History

History of the Society

The Lebanon County Historical Society was organized on Friday, January 14, 1898, and held its first official meeting on February 18, at the Lebanon County Courthouse. The Rev. F.J.F. Schantz of Myerstown delivered the opening address. Original officers were: President, Henry C. Grittinger; Vice presidents, Henry S. Heilman and Hiram L. Illig; Secretary, Dr. Samuel P. Heilman; Treasurer, Charles H. Killinger, Esq.; Librarian, Dr. William R. Roedel.

The Society headquarters remained at the courthouse until November, 1908, when a fire partially destroyed the courthouse and many of its records. For the next thirteen years, the Society had its headquarters at the old YMCA Building at Ninth and Willow Street, until December, 1921, when it moved to the basement of the Farmers Trust Company.

The Hauck Memorial Building

In 1934, the Society took possession of its first property at Sixth and Walnut Street, which was generously bequeathed by Mrs. Sarah Embich Hauck. Mrs. Hauck was the widow of Samuel Hauck, Jr., a merchant in Lebanon who was a veteran of the Civil War with Company E, 127th Pennsylvania Volunteer Infantry. The Haucks had one child, Rebecca Hauck Wolfe, who had preceded her mother with no heirs. The bequest of the Hauck estate was accepted and ratified by the Society membership on October 17, 1934. On December 14 of that year, the Society held its 37th annual meeting in its own headquarters, subsequently renamed the Hauck Memorial Building.

With the renovations of the Hauck building, the Society was able to start a serious collection of historical artifacts. On November 11 and 12, 1935, the Society held its first public exhibition and accepted many new pieces from the hundreds of visitors from those opening days. The Hauck building served the Society well for nearly forty years.

Union Canal Tunnel

In the early 1930s, an effort began to restore and preserve the old Union Canal tunnel northwest of Lebanon, and the Historical Society was granted permission to spearhead that initiative. On April 3, 1950, the Society completed the purchase of the eight-acre tract of land around the southern terminus of the tunnel, with definite plans to develop it as a historic site.

A New Home on Cumberland Street

In 1972, the Lebanon County Historical Society acquired the property at 924 Cumberland Street and opened the doors of its new facility the following year. Since 1973, the building has housed the offices, museum and gift shop, library, auditorium, and collected holdings of the Society.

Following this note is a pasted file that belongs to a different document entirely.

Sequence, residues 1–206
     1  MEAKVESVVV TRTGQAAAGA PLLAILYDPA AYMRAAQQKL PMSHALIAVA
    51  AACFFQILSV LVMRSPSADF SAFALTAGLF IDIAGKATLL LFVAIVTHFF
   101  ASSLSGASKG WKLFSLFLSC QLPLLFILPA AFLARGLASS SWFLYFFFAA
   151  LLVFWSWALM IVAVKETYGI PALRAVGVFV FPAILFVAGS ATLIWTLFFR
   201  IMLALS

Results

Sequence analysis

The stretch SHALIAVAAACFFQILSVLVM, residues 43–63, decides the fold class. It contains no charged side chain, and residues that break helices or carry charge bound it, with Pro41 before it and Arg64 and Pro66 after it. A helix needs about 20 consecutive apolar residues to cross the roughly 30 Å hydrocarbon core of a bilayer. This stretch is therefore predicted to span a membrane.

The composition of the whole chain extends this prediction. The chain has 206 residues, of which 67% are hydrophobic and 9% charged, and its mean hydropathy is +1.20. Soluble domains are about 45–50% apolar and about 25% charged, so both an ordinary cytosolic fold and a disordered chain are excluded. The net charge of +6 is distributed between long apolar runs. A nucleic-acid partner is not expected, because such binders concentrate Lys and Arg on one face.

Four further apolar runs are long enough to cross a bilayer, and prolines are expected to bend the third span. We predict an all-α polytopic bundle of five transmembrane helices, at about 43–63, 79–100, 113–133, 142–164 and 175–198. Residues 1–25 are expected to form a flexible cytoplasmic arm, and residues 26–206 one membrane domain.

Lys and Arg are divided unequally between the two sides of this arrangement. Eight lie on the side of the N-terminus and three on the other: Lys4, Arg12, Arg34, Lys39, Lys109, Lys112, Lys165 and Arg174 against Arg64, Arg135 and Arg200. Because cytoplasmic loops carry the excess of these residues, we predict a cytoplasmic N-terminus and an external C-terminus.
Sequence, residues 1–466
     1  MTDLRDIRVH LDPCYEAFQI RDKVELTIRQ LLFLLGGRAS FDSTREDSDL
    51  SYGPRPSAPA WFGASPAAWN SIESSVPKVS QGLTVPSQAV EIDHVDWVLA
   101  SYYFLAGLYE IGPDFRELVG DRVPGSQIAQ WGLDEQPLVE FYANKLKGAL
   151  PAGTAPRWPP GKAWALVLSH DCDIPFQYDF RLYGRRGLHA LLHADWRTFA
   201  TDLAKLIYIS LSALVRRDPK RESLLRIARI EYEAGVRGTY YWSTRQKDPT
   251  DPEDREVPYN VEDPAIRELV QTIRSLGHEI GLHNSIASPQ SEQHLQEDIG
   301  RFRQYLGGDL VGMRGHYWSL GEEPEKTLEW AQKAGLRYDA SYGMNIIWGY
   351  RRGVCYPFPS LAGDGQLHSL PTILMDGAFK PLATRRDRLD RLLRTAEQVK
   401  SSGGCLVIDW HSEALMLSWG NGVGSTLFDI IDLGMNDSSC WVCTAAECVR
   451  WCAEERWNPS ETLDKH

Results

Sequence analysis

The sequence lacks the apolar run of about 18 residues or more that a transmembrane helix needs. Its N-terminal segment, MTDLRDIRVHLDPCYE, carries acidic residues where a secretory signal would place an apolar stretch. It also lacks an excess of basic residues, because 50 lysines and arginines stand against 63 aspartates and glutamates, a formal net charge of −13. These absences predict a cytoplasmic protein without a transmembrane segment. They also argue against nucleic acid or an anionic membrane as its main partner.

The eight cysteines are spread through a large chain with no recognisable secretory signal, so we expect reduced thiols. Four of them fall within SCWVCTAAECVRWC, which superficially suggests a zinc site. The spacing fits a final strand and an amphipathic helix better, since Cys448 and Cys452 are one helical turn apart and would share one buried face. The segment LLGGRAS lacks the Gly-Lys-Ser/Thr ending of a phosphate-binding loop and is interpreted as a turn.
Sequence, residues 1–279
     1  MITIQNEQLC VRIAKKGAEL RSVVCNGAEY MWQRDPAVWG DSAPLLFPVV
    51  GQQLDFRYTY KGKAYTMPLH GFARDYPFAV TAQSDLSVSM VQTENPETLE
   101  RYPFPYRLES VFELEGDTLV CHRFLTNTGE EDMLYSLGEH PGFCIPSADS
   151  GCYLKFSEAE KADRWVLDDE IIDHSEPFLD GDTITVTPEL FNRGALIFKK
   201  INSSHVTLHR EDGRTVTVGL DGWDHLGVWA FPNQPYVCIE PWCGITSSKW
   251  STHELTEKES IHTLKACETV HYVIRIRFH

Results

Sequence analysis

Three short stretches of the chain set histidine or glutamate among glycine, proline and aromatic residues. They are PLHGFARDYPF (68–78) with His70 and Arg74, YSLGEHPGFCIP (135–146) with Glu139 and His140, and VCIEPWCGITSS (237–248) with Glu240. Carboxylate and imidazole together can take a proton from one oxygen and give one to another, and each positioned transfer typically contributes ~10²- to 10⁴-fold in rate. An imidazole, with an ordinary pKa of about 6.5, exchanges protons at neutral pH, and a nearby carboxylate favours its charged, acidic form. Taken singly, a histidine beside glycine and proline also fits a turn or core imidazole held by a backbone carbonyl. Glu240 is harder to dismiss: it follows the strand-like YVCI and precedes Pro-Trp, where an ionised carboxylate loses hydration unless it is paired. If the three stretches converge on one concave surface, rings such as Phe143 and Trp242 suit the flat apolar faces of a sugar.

The current home of the Lebanon County Historical Society has a long and storied history. The main structure was originally built from local limestone in 1773 as the home and office of Dr. William Henry Stoy, a German-born Lutheran minister and prominent Revolutionary War physician. Later it was the residence of retired Lieutenant Adjutant-General John Weidman, who had served under George Washington at Valley Forge and during many other campaigns. When Lebanon County was formed in 1813, the upstairs of the mansion was used as the county’s first courthouse. Among the attorneys who appeared there were James Buchanan, fifteenth President of the United States, and Lebanon native, John Henry Shulze, sixth Governor of Pennsylvania. In 1912, the property was purchased by the Loyal Order of the Moose, and in 1935, they added the large auditorium, now known as the Reese Memorial Hall.

The Stoy Museum is named in honor of Dr. W. H. Stoy, the original owner. The Reese Memorial Hall is named in honor of Catherine Killinger Reese, whose generous bequest settled the final debt incurred with the restoration of the building.  The Hauck Research Archives is named in honor of Sarah Hauck, who bequeathed the first property. The Union Canal Tunnel Park, dedicated in 1988, is now comprised of more than 100 acres of recreational and historic lands, open to the public and maintained by the volunteers of the Friends of the Union Canal Tunnel Park.

The Lebanon County Historical Society is proud of its past, from its humble beginnings as a meeting of a few civic leaders, through years of cramped office space, to its first property on Walnut Street, to its current home on Cumberland Street. Throught it all, the Society has depended on the participation of members and volunteers for the ongoing support of its mission.